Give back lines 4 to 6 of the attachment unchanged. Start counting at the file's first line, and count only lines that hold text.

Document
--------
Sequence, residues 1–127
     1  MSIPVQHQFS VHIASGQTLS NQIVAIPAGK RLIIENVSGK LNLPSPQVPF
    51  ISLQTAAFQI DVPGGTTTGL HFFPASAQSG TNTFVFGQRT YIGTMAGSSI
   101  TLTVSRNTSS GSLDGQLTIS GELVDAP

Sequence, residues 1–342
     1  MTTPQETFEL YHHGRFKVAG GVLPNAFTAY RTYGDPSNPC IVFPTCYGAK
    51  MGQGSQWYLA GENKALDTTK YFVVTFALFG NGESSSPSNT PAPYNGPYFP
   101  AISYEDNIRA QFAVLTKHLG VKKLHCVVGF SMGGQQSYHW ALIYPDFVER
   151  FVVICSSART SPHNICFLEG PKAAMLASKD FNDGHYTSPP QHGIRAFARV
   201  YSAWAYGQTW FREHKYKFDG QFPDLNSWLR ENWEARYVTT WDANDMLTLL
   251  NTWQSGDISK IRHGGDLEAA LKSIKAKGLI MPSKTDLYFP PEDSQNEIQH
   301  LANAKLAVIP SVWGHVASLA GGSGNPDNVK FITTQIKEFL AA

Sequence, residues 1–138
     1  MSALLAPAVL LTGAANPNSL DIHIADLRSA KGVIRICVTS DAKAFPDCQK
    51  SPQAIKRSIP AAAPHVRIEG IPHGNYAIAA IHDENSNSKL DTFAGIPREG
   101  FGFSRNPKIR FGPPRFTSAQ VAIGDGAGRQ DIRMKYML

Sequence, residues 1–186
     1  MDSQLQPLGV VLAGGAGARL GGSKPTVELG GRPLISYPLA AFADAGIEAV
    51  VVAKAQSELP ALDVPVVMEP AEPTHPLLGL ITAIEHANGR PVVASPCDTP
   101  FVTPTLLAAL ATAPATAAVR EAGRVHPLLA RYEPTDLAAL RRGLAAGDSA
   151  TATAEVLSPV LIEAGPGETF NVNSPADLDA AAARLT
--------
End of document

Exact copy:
   101  TLTVSRNTSS GSLDGQLTIS GELVDAP

Sequence, residues 1–342
     1  MTTPQETFEL YHHGRFKVAG GVLPNAFTAY RTYGDPSNPC IVFPTCYGAK